Pakistani officials say President Pervez Musharraf has told U.S. Deputy Secretary of State John Negroponte that emergency rule is needed to hold the country's parliamentary elections in a peaceful atmosphere.
Negroponte, the most senior U.S. official to visit Pakistan since emergency rule began two weeks ago, held more than two hours of talks with General Musharraf in Islamabad Saturday.
There has been no immediate comment about the meeting from U.S. officials. Negroponte was expected to press General Musharraf to lift emergency rule and guarantee democratic elections expected by early January.
Meanwhile, a leading Pakistani media outlet says the government has forced it to end international broadcasts, after earlier shutting down domestic broadcasts.
The president Imran Aslam of Geo television told VOA the network will not sign a new broadcast contract, because he says it allows officials to enter television offices at will, seize equipment and arrest employees.
The new crackdown on independent media took place as Negroponte met with General Musharraf.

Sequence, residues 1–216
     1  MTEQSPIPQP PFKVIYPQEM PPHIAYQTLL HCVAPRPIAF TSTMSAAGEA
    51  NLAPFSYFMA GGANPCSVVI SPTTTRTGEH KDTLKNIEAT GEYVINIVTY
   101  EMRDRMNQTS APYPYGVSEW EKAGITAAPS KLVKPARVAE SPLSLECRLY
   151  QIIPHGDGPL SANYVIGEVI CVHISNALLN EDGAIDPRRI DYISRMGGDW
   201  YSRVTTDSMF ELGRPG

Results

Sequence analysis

Pakistani officials say the army's deputy chief, General Asfaq Kayani, also attended the meeting. He is widely expected to take over as military chief, when General Musharraf quits that post and starts his second term as president.
Negroponte is also expected to hold talks with senior officials from Pakistan's foreign ministry later Saturday.
Meanwhile, General Musharraf swore in a new interim Cabinet Friday, with Senate Chairman Mohammadmian Soomro leading the caretaker government that will oversee parliamentary elections.
Former Prime Minister Benazir Bhutto, who was released from house arrest early Friday, says she does not recognize the interim administration, nor does she accept that free and fair elections can be held under the current state of emergency.
Some information for this report was provided by AFP and AP.